Helleborus orientalis

Above: Helleborus orientalis 'Harvington White'

Garden diary: February

23 March 2008 - Easter snow

It's a scene that would be perfect for a Christmas Day morning. Pulling up the blinds, we see snow over the rooftops and gardens, and, from a first-floor window, in one of the gardens below, neighbours building a snowman. Father and son are forming a huge lump of solidified snow (that had taken some time to build - they'd obviously been earlier risers than us) into a huge round snowman body.

It isn't Christmas day though - it's Easter Sunday.

We woke to snow, proper snow, and though it thawed early, those who were up earlier than us had the satisfaction of making a snowman. Watching them, I remembered, as anyone who has made a snowman will no doubt remember too, how bits of mud and squashed grass blades inevitably find their way in. We're always aiming for a purely white perfect snowman (or snowperson, perhaps) that looks like a snowman does when illustrated in a book. Our efforts never quite get there, but no matter.

I don't know if my neighbours put a carrot in for the nose, as was the tradition - (and I doubt they put coal for the eyes - now we don't have lumps of coal lying around like we did in the old days) - I couldn't tell as the snowman had his back to our window. But it was good to see a snowman being created - even though it was Easter Sunday, and perhaps it would be preferable to be out picking daffodils.

The weather has been strange and surprising these last few days, and though the Easter weekend is traditionally a time when we English gardeners venture out into our gardens and do energetic things in our flower borders, I doubt anyone round here has done more than look at it all out of the window, as I've been doing.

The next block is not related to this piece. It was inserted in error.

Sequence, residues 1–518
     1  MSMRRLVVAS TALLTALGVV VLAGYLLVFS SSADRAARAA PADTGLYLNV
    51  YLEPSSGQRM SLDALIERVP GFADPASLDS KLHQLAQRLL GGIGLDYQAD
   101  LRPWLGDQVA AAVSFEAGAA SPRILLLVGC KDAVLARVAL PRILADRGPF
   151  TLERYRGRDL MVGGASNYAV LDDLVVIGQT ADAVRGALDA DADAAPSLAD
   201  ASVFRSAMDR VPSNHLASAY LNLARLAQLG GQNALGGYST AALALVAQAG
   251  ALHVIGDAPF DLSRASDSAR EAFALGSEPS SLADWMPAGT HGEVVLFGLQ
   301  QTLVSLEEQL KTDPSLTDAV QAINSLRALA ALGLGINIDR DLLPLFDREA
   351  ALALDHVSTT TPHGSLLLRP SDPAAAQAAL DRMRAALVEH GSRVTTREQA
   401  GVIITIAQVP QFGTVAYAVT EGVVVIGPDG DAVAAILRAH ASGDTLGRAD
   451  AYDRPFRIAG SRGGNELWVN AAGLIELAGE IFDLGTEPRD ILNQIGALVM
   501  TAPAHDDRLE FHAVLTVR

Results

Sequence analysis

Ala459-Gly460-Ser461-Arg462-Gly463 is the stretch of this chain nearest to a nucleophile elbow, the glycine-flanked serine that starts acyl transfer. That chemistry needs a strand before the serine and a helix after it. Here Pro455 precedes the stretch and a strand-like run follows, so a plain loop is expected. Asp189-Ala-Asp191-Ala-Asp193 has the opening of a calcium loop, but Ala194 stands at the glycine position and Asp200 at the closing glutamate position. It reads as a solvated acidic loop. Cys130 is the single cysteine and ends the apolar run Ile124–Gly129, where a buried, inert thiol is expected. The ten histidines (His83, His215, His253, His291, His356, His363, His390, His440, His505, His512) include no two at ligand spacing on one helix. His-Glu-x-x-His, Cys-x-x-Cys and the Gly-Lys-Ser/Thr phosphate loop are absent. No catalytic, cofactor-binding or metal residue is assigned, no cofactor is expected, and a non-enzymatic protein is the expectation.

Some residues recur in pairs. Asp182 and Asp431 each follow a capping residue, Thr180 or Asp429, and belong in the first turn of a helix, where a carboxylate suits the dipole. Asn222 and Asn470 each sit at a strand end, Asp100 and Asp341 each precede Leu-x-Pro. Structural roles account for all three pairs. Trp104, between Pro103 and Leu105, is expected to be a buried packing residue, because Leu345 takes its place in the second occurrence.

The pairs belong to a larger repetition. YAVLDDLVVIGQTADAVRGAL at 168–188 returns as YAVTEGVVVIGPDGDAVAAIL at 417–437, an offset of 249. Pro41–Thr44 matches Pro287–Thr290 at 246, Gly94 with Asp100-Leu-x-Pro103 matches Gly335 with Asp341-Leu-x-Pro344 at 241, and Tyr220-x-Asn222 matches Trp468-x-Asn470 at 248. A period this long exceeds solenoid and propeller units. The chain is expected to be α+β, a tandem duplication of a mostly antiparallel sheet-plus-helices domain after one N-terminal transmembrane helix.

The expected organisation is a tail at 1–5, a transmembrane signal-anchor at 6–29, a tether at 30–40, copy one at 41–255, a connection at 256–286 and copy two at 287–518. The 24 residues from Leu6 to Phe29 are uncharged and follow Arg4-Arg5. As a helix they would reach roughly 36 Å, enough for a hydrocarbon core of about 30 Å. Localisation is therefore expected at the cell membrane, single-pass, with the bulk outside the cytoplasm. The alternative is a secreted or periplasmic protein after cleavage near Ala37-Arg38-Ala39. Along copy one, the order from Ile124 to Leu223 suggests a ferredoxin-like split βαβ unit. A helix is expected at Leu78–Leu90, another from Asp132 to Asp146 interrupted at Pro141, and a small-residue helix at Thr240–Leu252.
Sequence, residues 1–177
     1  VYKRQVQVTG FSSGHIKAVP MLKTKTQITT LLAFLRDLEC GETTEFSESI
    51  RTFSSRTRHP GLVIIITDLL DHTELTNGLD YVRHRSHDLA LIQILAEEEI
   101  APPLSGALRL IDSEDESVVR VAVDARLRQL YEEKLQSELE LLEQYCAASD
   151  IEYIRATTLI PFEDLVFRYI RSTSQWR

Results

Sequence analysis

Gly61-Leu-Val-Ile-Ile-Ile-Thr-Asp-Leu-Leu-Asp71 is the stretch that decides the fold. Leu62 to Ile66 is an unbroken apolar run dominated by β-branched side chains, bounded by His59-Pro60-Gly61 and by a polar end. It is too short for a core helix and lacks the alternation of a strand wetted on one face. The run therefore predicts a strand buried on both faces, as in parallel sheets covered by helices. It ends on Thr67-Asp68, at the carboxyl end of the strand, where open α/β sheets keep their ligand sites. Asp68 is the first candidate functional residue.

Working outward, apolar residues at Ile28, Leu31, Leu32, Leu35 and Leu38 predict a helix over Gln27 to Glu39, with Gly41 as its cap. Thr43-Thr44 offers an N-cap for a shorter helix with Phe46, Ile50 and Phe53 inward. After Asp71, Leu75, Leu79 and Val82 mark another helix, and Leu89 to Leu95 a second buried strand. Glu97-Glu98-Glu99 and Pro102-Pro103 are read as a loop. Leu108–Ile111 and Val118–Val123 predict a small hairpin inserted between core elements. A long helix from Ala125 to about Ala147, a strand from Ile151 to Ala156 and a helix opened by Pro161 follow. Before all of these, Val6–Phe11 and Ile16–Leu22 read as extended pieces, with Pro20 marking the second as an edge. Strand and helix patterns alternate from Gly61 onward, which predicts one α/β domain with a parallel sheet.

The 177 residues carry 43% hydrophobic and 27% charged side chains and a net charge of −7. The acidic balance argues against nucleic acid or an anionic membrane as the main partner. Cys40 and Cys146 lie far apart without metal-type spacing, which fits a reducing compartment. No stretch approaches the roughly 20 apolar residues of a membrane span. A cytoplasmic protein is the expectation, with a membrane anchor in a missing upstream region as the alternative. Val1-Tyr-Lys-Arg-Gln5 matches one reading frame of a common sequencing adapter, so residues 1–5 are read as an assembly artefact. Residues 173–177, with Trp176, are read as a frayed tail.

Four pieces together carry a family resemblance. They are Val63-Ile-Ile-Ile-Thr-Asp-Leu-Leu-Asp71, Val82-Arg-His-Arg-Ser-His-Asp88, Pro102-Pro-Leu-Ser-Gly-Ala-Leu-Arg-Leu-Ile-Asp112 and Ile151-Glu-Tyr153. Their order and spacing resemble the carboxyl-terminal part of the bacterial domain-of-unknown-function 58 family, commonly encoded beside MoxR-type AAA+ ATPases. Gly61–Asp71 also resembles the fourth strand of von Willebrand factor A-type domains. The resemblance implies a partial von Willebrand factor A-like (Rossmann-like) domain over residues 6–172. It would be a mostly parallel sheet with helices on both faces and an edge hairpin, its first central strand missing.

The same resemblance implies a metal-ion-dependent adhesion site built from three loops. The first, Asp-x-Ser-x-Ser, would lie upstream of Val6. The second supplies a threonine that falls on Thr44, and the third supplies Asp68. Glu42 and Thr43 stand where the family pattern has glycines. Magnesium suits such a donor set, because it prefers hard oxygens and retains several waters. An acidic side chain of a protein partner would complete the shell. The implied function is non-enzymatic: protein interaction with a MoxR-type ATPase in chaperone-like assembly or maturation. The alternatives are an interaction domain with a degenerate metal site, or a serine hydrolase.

The winds have been vicious, and accompanied by hail, snow and rain, often appearing to come to earth horizontally, due to the force of the winds.

I moved some of the more susceptible things into shelter, so I thought, nearer the walls of the house, but that wasn't enough. One frighteningly powerful gust that appeared to come out of nowhere blew over a potted Fatsia japonica onto another plant with a long and complex name I can't recall just now - its name seeming unimportant in the circumstances.

It might be adequate to call it "that dead plant that got destroyed at Easter", and forget the botanical name.

I moved the potted hyacinths that are in flower nearer the back door, and thought about "battening down the hatches" - one of those phrases that weather forecasters use and that makes no sense really, but suggests we should do something even if we're not sure what it is. I felt vaguely anxious and looked to see if we had any hatches, or indeed any battens for securing the aforementioned.

Despite all this there are buds on the tree branches and small leaves on the shrubs, and it's all waiting for the right time. It all looks a bit pinched and struggling still, but it always does in March. There are signs though, and the birds are programmed to know them, and are chatting to one another, all flirty and come-hither, with trembling wings.

Back to March highlights



Above: Narcissus

Garden diary: April